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November 30, 2016

Exploring Optics and Anchoring

Larry has been using some version of the chart below for more than 25 years when talking with clients about what he calls “optics.” The idea is that the way an investor sees the market is different depending on when they retire or open an account. Markets move up and down over time, but they slowly trend higher. This chart is a simplified picture of stocks over time.

Imagine two investors who have both been working and saving their entire careers. Anne retires at point A and one year later Barry retires at point B. Another year later the market is at point C, but Anne and Barry have had very different experiences as investors since retiring.

Barry feels great about his decision to retire. His investments are likely earning more money than he is taking out (he may be considering taking out some extra money to go on a trip) and his investment manager has been doing a much better job than his old 401(k).

Anne feels differently. Although the market is above where it was when she retired, she may have been taking money out and her accounts might not have fully recovered. She may question the advice she has received and worry that her money is not going to last.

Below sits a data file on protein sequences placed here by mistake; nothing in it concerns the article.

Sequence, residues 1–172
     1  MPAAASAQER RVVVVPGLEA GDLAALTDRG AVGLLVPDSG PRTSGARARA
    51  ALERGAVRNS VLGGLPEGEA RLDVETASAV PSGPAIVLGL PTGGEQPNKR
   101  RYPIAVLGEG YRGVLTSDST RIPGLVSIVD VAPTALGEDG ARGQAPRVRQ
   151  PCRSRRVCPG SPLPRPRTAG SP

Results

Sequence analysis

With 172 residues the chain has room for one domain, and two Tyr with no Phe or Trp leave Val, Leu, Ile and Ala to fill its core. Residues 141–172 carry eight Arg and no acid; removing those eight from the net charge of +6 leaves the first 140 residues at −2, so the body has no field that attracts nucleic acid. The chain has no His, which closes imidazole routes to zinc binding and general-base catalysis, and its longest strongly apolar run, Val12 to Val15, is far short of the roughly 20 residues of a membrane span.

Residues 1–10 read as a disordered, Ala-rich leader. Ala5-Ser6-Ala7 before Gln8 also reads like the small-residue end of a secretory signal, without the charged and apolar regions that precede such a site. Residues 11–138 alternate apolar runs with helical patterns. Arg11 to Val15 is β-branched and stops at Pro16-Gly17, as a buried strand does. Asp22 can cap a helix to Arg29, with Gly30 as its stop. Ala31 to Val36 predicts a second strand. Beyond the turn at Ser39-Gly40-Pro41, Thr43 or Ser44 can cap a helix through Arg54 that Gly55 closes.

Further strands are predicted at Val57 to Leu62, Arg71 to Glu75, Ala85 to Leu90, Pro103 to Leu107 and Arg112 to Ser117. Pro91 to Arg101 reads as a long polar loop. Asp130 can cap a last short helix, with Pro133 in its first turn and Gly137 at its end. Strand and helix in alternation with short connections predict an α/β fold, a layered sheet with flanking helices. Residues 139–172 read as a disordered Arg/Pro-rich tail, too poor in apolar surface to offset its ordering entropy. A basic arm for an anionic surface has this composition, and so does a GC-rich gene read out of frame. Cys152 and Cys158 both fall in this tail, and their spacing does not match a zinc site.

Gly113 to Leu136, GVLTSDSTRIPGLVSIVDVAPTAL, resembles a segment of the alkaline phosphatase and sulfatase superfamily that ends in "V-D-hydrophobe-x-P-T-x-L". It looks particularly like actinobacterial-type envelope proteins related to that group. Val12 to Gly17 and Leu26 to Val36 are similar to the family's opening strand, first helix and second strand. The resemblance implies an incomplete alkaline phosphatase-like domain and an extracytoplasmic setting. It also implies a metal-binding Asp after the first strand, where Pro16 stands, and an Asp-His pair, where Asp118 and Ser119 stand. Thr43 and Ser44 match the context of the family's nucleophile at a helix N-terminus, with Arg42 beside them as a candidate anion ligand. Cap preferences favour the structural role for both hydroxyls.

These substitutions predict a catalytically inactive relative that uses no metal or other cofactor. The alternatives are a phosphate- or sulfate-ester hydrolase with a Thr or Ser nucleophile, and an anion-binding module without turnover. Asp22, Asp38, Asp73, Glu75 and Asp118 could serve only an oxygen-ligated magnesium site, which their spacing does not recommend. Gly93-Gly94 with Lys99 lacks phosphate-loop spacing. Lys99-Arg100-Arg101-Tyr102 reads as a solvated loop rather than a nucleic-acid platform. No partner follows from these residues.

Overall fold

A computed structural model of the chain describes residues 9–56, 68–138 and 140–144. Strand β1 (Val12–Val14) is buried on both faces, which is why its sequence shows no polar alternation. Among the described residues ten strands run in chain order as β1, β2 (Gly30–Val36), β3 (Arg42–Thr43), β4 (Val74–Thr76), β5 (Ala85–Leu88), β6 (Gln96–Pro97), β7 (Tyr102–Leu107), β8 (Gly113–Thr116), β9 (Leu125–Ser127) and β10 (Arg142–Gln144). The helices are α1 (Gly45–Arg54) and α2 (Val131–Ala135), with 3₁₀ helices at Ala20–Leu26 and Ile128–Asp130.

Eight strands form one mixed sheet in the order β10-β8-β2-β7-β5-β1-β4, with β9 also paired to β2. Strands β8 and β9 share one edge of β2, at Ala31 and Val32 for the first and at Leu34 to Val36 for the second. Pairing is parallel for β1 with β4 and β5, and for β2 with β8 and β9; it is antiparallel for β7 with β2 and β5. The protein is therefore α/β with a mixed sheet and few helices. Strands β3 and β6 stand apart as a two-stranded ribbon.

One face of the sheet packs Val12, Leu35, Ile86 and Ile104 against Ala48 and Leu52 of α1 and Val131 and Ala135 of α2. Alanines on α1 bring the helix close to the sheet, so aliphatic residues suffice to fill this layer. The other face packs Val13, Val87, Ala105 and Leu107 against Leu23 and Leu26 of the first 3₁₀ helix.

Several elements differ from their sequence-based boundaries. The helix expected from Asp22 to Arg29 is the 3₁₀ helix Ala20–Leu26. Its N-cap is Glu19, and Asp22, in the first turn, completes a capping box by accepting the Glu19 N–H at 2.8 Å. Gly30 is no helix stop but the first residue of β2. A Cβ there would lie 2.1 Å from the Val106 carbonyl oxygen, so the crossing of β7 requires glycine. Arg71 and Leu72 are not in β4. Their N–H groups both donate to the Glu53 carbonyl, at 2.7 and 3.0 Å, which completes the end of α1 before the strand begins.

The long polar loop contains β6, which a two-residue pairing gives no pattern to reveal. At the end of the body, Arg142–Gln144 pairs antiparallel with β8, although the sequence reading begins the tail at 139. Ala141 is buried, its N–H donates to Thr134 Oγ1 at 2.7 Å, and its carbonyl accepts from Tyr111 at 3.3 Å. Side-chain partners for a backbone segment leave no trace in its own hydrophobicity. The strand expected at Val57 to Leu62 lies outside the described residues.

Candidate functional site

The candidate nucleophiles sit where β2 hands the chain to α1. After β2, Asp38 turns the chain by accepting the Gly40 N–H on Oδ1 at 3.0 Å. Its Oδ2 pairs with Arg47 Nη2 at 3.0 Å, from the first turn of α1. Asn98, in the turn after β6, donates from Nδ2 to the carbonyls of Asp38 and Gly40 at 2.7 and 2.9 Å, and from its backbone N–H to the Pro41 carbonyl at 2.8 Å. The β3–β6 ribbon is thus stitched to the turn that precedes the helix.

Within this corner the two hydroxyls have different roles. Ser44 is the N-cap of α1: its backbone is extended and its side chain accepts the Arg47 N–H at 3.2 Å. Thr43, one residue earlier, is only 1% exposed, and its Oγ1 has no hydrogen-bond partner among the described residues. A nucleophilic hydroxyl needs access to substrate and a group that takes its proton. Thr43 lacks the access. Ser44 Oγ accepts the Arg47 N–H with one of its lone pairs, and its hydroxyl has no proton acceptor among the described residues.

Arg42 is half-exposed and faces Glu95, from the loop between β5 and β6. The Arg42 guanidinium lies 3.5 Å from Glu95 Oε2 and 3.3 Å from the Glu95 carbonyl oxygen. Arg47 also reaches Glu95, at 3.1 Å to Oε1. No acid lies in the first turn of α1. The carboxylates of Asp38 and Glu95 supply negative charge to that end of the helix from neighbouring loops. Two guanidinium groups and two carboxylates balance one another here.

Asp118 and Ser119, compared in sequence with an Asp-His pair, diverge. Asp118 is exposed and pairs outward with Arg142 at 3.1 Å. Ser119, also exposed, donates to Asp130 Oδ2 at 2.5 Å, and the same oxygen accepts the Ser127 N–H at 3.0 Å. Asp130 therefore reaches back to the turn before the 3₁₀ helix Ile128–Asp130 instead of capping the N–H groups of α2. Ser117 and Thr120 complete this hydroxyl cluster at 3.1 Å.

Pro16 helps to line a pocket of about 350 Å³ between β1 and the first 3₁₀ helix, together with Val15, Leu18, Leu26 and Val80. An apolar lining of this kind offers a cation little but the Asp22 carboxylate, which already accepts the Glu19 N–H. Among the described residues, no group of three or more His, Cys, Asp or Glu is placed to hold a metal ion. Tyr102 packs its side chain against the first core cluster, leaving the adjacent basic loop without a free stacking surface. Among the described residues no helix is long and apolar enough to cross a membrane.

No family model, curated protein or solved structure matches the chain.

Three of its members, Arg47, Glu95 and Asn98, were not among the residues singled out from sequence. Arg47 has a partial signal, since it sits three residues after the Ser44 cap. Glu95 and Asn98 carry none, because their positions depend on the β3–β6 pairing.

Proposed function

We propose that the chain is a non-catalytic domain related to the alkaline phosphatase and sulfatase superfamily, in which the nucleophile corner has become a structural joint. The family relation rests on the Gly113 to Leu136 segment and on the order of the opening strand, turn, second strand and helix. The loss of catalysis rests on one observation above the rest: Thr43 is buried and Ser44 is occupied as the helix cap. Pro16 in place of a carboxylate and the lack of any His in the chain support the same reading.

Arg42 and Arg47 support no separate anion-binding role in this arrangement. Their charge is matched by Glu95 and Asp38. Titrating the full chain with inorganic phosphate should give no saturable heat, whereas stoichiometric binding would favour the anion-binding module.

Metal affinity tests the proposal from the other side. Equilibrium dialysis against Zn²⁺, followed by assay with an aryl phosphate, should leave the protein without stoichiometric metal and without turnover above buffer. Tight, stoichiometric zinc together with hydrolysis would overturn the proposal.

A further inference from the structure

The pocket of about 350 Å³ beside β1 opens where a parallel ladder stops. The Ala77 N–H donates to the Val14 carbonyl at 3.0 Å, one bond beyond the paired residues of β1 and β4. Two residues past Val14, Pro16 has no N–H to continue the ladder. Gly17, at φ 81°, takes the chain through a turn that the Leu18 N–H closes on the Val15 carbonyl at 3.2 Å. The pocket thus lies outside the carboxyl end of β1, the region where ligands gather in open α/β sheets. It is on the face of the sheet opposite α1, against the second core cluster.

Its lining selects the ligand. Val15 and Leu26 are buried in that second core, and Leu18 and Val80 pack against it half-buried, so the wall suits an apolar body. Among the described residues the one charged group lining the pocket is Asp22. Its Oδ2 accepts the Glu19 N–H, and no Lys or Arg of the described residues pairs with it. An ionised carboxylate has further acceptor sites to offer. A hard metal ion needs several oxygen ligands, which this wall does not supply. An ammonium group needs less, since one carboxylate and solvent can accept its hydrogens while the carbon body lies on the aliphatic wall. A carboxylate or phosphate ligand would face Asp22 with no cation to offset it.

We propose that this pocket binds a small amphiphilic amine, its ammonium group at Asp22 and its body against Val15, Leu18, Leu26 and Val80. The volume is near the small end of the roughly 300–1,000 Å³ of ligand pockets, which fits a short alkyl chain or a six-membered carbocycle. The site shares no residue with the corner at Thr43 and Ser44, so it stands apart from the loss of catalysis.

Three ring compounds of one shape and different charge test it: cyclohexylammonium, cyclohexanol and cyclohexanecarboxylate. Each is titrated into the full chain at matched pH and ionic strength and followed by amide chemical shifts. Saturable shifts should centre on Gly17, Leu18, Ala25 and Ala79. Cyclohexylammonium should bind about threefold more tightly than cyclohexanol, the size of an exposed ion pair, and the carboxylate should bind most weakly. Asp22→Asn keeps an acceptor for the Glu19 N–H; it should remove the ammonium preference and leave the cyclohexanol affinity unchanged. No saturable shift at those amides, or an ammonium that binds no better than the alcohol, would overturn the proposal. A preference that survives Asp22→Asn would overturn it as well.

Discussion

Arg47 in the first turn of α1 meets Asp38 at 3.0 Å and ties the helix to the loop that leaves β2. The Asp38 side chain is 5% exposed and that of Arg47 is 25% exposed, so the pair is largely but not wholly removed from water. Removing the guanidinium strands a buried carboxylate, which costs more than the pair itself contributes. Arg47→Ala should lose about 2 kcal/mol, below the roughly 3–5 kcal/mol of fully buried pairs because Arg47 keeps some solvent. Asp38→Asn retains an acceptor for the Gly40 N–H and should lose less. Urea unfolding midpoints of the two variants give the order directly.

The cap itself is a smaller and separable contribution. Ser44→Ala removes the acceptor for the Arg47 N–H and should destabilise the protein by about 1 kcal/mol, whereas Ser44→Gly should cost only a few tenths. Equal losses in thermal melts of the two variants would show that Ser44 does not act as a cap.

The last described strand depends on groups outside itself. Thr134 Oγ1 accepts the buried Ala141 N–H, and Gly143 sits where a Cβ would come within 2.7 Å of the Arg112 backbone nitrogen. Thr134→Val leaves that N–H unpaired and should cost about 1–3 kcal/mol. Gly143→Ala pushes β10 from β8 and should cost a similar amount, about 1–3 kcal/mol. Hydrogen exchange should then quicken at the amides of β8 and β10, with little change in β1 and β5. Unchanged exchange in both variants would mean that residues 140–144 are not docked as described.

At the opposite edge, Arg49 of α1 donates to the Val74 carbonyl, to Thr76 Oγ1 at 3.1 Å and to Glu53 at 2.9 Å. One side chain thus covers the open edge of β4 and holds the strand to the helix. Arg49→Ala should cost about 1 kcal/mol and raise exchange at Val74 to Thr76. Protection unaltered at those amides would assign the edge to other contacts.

These differences may even be true if both Anne and Barry have the exact same amount of money at point C. They could be withdrawing the same amount from their investments and have the same exact investment approach. They see things differently because they measure from a different point in time. My father would say we aren’t as smart as Barry thinks we are nor are we as dumb as Anne might think we are as advisors.

Academics call this anchoring. We pick a value or point in time to measure from and we anchor to that point. It’s perfectly normal and virtually everyone does it. However, if Anne and Barry are in the same situation at point C, shouldn’t they make similar decisions? That’s the danger of anchoring because your decisions will be driven not by your current situation, but by looking backwards at where you were at other specific points in time. The market doesn’t know the difference between Anne and Barry and it isn’t out to get anyone no matter how it may appear.

The worst point to anchor (and the most common) is when investors compare everything to the highest balance they’ve ever had. Even during up markets you will spend two thirds of your time disappointed.

Bottom Line: Perspective matters! It’s more about where you are today than where you were in the past.

From the desk of Kris Carroll

Market Volatility, Retirement Income, Risk

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